In this era, the nipa hut or bahay kubo gave way to the Bahay na bato (stone house) and became the typical house of noble Filipinos. The Bahay na bato, the colonial Filipino house, followed the nipa hut's arrangements such as open ventilation and elevated apartments. The most obvious difference between the two houses would be the materials that was used to build them. The bahay na bato was constructed out of brick and stone rather than the traditional bamboo materials. It is a mixture of native Filipino, Spanish and Chinese influences. During the 19th century, wealthy Filipinos built some fine houses, usually with solid stone foundations or brick lower walls, and overhanging, wooden upper story with balustrades and kapis shell sliding windows, and a tiled roof. Excellent preserved examples of these houses of the illustrious Filipinos can be admired in Vigan, Ilocos Sur. In Taal, Batangas, the main street is also lined with examples of the traditional Filipino homes.
Intramuros is the old walled city of Manila located along the southern bank of the Pasig River. The historic city was home to centuries-old churches, schools, convents, government buildings and residences, the best collection of Spanish colonial architecture before much of it was destroyed by the bombs of World War II. Of all the buildings within the 67-acre city, only one building, the San Agustin Church, survived the war.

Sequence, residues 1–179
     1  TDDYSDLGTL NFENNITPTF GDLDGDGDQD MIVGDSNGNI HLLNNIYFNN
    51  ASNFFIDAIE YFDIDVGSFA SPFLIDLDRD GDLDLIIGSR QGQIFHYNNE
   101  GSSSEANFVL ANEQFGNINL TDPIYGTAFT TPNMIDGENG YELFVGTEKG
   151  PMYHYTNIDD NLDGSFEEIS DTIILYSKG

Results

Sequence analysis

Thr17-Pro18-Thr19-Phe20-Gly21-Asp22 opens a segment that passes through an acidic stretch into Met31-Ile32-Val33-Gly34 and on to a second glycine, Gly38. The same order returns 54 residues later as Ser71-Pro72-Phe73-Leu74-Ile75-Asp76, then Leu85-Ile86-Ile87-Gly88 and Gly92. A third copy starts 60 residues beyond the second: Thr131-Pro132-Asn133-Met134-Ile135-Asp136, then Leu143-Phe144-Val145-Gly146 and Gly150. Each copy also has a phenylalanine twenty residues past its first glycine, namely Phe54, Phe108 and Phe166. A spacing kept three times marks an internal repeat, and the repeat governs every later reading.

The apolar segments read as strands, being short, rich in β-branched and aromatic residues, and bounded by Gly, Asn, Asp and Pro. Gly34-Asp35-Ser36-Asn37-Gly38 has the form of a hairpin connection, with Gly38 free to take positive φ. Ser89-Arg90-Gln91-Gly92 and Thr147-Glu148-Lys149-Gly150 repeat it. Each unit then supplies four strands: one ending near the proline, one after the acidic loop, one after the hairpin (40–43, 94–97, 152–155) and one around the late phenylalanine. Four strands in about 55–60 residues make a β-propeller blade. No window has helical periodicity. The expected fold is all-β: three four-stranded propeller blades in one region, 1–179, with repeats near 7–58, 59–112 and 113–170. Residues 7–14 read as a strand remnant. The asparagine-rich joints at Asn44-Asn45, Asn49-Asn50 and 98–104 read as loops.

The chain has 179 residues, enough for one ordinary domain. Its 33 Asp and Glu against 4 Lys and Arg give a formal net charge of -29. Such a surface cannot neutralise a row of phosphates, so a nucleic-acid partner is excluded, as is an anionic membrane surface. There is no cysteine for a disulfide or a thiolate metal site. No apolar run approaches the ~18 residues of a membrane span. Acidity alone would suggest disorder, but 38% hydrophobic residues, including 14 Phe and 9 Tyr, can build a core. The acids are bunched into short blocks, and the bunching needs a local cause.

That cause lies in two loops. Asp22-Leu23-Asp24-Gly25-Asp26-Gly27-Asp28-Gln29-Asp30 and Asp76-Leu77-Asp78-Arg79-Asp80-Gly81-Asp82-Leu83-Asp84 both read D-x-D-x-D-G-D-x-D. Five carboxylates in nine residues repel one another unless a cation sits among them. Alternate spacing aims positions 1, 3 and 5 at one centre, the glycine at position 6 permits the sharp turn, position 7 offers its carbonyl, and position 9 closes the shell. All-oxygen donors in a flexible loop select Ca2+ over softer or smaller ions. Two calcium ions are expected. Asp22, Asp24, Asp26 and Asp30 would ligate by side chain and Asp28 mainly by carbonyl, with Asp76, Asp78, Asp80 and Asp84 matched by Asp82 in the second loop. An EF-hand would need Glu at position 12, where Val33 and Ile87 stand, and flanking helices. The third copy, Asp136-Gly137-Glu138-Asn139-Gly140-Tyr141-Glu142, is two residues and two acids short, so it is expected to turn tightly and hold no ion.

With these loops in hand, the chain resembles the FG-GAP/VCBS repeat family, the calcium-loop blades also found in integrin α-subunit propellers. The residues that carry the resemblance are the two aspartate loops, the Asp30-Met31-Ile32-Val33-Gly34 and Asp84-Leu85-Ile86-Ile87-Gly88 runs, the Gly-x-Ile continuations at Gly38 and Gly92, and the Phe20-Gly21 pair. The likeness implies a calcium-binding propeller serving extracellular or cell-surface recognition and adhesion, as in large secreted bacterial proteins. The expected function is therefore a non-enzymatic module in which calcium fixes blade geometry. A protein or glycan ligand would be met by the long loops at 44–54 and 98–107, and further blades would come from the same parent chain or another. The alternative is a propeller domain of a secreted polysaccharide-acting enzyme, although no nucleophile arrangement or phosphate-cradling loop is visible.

Fort Santiago (Fuerza de Santiago) is a defense fortress established by Spanish conquistador, Miguel López de Legazpi. The fort is the citadel of the walled city of Intramuros, in Manila. The location of Fort Santiago was also once the site of the palace and kingdom of Rajah Suliman, king of Maynila of pre-Spanish era. It was destroyed by the conquistadors upon arriving in 1570, encountering several bloody battles with the Muslims and native Tagalogs. The Spaniards destroyed the native settlements and erected Fuerza de Santiago in 1571.
Paco Park was planned as a municipal cemetery for the well-off and established aristocratic Spanish families who resided in the old Manila, or Intramuros. The cemetery is circular in shape, with an inner circular fort that was the original cemetery with niches on the hollow walls. As the population continued to grow, a similar second outer wall was built with the thick adobe hollow walls with niches, the top of the walls made into a walkway circumnavigating the park. A Roman Catholic chapel was built inside the inner walls, dedicated to St. Pancratius. The landscape design was done by Ildefonso Santos from 1967 to 1969.